First get an overview of which tasks you want to complete in a week. Then think about what you want to have achieved at the end of the day. One possible method for this is the classic to-do list. Write down all the tasks for the week and then distribute them over the days of the week or you ca also use some specific digital tools. There are many different apps to help you in making to-do lists.
Todoist, for example, is a digital to-do list that can be integrated into existing calendars.
Those who already use Microsoft's Office suite in their company can use Microsoft To Do.
There are many other to-do list tools that with different functions that can help you in your daily work. Most companies offer a free trial period but we advise you to simply try out different tools in order to use the one that best suits your own requirements.
Disadvantage of the method: You must be able to realistically assess yourself and your capacities. Otherwise frustration can quickly arise.
Advantage of the method: It can be implemented very easily, and can also be adapted and supplemented quickly.
The so-called "Eisenhower method" helps to prioritise to-dos. With the so-called "Eisenhower matrix", tasks are classified according to four categories. The matrix is divided into "important", "unimportant" and on the other axis into "urgent" and "not urgent".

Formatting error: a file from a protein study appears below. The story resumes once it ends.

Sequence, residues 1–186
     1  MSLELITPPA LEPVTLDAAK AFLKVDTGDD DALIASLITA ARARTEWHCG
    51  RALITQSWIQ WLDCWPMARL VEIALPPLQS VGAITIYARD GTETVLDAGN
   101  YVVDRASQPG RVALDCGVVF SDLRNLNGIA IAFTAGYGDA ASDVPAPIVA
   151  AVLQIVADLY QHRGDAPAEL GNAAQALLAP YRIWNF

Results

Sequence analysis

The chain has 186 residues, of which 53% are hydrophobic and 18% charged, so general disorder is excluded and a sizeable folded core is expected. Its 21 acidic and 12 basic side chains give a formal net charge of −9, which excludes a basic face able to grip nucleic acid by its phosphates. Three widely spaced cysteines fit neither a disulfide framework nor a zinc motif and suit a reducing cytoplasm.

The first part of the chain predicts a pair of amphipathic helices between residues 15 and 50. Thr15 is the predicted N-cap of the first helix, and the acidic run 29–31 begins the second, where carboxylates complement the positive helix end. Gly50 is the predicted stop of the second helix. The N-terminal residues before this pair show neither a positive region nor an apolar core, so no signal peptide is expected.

For this purpose, create a coordinate system for each task, which may look like this:
Tasks that are not urgent and not important can be moved to the bottom of the priority list. Important but not urgent tasks should already be written in your calendar. The important and urgent tasks should be on the top of your list.
ALPEN: a method to better plan your day
The ALPEN method is a time management technique that allows you to prioritise tasks for the day. It is a good idea to always use this method on the evening before the next working day.
ALPEN stands for:
- A – To-do list of all planned Activities, tasks and meetings: Write down everything that needs to be done the next day. This can be meetings, presentations as well as phone calls. The to-do list can also include tasks from the previous day that you were unable to complete.
- L – Estimating Length of time: Then estimate the time you need for each task.